Last Friday at SHS/ASQ, I heard a talk by Michael Riordan, the CEO of the Greenville Hospital System in South Carolina.
He is one of what must be a very small number of Industrial Engineers who made it to the CEO level at a health system. I wonder if there’s any study that shows how those hospitals perform compared to MD CEOs and CEOs with other healthcare administration backgrounds. I’m sure there aren’t enough data points to be statistically significant.
Riordan made a number of great points about leadership that might sound “like lean” or at least philosophically aligned with Lean.
One dysfunction that Riordan highlighted is a real big-picture problem:
“We are paid for what we do, not for keeping people healthy.”
Healthcare is still often a very piece-work system, what some call “sickness care.”
Riordan said his goal was “Creating a culture of engagement and curiosity”, not just focusing on engineering and measures. This reminds me of the goals of organizations like ThedaCare and the University of Michigan Health System, who talk about having every employee be a problem solver and a process improver. If you’re engaged and you’re curious, that’s a good start toward working on quality and process improvement.
He also added a somewhat provocative thought:
“I’m not there to make our employees happy.”
But real engagement leads to employee satisfaction and patient satisfaction, Riordan says. I think this is the essence of the idea of “Respect for People.” It doesn’t mean being nicey-nice all of the time. Engagement, respect, and collaboration on improvements that matter to employees are more important than being nice and making people happy. We can make pepole happy, superficially, in a number of ways that don’t lead to long-term sucess for the organization.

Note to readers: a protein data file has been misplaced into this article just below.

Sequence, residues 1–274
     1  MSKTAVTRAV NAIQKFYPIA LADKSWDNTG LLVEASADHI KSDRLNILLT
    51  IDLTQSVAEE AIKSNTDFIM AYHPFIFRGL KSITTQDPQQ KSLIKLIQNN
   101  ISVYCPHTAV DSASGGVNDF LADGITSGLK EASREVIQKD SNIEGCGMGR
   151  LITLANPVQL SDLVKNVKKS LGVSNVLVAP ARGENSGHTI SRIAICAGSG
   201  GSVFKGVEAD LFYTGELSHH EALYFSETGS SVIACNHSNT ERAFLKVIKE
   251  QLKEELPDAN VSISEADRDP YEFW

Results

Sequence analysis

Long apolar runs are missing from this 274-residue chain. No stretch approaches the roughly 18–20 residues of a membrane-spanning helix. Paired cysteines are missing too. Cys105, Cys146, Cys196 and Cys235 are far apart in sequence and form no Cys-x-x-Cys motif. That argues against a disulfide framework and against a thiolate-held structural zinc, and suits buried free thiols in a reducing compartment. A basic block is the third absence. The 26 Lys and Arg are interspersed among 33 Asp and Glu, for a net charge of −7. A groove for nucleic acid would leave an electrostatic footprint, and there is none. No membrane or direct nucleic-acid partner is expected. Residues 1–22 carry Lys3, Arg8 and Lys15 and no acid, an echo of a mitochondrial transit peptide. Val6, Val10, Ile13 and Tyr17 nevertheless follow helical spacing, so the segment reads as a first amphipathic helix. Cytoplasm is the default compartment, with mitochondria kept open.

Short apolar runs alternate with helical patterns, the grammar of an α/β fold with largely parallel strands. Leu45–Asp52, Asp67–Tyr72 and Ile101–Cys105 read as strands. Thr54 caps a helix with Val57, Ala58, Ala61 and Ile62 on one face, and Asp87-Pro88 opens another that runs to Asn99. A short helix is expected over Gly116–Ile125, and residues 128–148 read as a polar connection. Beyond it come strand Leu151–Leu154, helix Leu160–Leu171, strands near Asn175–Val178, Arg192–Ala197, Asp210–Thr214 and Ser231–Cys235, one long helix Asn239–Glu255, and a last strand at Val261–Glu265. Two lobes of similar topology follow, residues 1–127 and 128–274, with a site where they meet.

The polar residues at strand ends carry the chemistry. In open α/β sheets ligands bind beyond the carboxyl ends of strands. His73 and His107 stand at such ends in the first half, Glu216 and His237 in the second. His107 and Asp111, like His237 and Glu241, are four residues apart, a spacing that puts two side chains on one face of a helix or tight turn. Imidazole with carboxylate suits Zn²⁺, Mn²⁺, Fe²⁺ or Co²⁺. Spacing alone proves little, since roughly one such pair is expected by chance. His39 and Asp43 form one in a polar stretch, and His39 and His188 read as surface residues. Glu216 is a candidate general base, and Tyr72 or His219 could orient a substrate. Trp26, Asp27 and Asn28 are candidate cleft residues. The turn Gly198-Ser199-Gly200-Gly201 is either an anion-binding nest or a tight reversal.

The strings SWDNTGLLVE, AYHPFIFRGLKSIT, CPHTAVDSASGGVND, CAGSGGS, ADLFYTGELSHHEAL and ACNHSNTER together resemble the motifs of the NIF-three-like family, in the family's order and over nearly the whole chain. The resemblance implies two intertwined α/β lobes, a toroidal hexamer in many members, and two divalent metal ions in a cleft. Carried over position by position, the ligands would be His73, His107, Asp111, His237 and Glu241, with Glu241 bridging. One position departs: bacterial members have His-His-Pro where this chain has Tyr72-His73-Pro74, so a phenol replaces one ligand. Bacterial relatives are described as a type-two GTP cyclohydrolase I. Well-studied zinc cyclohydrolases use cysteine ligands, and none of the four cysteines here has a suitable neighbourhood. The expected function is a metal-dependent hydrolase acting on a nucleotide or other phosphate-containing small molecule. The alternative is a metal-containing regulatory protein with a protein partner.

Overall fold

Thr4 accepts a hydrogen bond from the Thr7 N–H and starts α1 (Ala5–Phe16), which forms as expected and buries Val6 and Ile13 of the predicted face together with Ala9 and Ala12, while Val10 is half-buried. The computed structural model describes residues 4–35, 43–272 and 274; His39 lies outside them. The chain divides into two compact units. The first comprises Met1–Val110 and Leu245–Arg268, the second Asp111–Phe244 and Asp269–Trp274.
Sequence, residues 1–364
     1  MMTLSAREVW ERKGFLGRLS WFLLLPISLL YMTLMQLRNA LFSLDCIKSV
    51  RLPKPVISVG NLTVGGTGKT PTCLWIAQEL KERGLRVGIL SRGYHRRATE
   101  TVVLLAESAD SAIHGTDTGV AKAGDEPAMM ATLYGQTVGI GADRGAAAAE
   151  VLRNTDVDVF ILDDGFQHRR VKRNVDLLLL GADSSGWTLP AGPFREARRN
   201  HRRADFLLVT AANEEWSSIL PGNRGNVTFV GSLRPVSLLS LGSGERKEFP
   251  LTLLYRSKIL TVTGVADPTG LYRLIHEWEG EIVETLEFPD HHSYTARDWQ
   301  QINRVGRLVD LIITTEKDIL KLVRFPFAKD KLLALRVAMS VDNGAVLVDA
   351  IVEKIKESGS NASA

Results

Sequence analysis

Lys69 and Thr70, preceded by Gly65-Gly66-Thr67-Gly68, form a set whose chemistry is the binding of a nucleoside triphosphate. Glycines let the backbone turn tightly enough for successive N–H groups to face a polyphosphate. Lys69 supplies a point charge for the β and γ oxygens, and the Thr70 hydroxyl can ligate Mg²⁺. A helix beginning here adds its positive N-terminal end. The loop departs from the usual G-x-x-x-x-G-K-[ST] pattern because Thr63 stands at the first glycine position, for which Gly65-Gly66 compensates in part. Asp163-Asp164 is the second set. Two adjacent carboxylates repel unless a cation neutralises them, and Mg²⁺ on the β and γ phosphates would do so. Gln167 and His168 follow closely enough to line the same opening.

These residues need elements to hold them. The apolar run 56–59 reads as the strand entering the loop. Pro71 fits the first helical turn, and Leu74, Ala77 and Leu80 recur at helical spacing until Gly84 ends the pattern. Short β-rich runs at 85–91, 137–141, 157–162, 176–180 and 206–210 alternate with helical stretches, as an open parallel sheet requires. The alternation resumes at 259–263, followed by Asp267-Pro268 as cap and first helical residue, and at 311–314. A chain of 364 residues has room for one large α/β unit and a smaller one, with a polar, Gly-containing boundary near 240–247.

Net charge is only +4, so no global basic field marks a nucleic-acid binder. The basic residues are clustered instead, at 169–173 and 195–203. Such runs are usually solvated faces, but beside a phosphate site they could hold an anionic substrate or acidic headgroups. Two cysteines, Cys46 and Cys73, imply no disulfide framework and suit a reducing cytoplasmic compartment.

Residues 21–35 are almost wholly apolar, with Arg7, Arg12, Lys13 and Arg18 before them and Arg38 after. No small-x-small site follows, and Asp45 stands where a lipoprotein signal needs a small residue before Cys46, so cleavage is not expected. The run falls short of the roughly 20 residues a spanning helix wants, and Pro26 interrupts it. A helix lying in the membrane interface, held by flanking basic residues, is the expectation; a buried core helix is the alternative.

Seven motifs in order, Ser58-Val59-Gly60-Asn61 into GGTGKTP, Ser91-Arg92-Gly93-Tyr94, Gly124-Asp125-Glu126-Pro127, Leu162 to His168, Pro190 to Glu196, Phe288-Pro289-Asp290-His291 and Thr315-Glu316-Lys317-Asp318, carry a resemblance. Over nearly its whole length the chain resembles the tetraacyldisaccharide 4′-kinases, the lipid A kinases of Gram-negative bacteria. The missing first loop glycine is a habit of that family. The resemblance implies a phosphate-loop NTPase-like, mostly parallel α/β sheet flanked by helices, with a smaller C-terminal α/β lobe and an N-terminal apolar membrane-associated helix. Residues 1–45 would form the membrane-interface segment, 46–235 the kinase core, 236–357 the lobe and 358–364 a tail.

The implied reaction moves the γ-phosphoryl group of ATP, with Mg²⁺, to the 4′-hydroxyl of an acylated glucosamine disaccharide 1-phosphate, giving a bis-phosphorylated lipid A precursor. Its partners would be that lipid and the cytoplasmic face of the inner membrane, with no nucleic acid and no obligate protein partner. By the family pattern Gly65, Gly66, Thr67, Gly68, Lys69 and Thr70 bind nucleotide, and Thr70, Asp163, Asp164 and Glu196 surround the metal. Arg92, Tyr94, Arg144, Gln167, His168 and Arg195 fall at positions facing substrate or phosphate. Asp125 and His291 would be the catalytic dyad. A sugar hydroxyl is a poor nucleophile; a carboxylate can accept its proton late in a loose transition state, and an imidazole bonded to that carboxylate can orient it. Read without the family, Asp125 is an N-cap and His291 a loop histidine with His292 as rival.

It is OK to say “no” to employees. Don’t leave them hanging. Treat them like adults, they can handle it.
Again, this sounds like Respect. Don’t give them lip service… provide servant leadership to meet their legitimate needs, but don’t necessarily say yes to just anything.
Riordan reminded me of the philosophy from St. Elisabeth in The Netherlands. The Dutch talked about their philosophy of Lean leading to “loving care.”
Riordan said that, in order to be most effective:
“We need to connect our employees to purpose and love.”
I think that’s really important in healthcare, that emotional and social connection that people can make to their work.
The final idea he raised that was interesting was his question about the things in your organization that are “the undiscussables“?? To drive meaningful improvement, Riordan said you should list the undiscussables out. Why not discuss them? What would happen? What could happen?
I was impressed with Riordan’s leadership style and what he’s trying to encourage in his organization…
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